Adultery is defined as sexual intercourse between a married person and someone other than their spouse. While the act of adultery is no longer prosecuted as a crime in Arizona, it can still have legal implications. For example, if you are caught committing adultery, you may be subject to civil damages (meaning you may have to pay money to the person you committed adultery with). Additionally, if your spouse can prove that you committed adultery, they may be able to receive a greater share of the marital assets in a divorce settlement.

Secret #03: If you commit adultery, you may be barred from receiving spousal support.

In Arizona, there is a presumption that the less-monied spouse is entitled to spousal support (also known as alimony). However, this presumption can be rebutted if the court finds that the supported spouse committed adultery. This means that if you are seeking spousal support and your spouse can prove that you committed adultery, the court may deny your request for spousal support.

Secret #04: If your spouse commits adultery, you may be able to receive a greater share of the marital assets.

Arizona is an equitable distribution state, which means that in a divorce, the court divides the marital assets between the spouses in a way that is fair and equitable. This can include awarding the spouse who was cheated on a greater share of the marital assets. For example, if your spouse cheated on you and as a result, you ended up divorcing, you may be awarded 50% of the marital assets, as opposed to 25%.

Secret #05: Adultery can impact child custody decisions.

If adultery has been committed by one parent and it has negatively impacted the children, the court may consider this when deciding about child custody. This means that if the adulterous parent is not deemed fit to have primary custody of the children, they may be awarded sole or joint legal custody instead. Additionally, if one parent commits adultery during a custody case, they may be ordered to pay the other parent’s attorney fees.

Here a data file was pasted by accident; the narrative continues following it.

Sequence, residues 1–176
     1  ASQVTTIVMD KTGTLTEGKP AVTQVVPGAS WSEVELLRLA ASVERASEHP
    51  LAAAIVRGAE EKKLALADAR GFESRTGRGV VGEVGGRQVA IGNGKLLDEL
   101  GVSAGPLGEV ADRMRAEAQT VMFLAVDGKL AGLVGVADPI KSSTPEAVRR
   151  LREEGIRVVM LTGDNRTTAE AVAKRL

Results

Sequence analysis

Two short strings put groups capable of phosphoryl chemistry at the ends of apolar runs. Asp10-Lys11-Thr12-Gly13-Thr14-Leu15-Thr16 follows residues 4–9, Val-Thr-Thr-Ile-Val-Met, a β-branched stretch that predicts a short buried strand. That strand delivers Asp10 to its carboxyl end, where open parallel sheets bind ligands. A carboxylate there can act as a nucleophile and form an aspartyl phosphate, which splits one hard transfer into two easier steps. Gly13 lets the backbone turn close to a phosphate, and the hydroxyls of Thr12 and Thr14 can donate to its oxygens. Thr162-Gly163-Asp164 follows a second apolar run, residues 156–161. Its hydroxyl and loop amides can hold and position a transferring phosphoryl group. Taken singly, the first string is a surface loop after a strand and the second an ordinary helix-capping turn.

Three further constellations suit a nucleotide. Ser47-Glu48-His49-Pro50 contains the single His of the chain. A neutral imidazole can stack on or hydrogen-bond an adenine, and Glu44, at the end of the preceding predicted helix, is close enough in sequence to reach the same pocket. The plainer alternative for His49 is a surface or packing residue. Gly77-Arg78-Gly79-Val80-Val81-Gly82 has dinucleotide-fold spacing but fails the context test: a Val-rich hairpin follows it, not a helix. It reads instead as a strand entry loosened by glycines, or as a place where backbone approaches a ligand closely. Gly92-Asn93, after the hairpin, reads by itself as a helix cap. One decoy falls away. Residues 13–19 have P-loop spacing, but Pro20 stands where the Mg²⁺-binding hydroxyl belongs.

Are You Looking for a Family Law Attorney You Can Trust?

The attorneys at GillespieShields are well-versed in a variety of different legal fields, ranging from family law to civil suits, employment disputes and probate cases. Although we specialize in several areas of practice, our greatest passion is family law. We believe in giving families peace of mind no matter their situation, and we fight hard to maintain that peace. Whether you’re filing for dissolution or divorce, determining custody of your children, or thinking about adopting children, our experienced attorneys are here to help you every step of the way.  During our private, one-on-one consultation, we’ll take the necessary time to answer all of our questions surrounding Arizona’s family laws, your family’s unique situation, and the possible court outcomes. Contact us today for your consultation!

Disclaimer 

The materials available on this website are for informational and entertainment purposes only and not for the purpose of providing legal advice. You should contact your attorney to obtain advice with respect to any particular issue or problem.  You should not act or refrain from acting on the basis of any content included in this site without seeking legal or other professional advice. The information presented on this website may not reflect the most current legal developments.  No action should be taken in reliance on the information contained on this website and we disclaim all liability in respect to actions taken or not taken based on any or all of the contents of this site to the fullest extent permitted by law.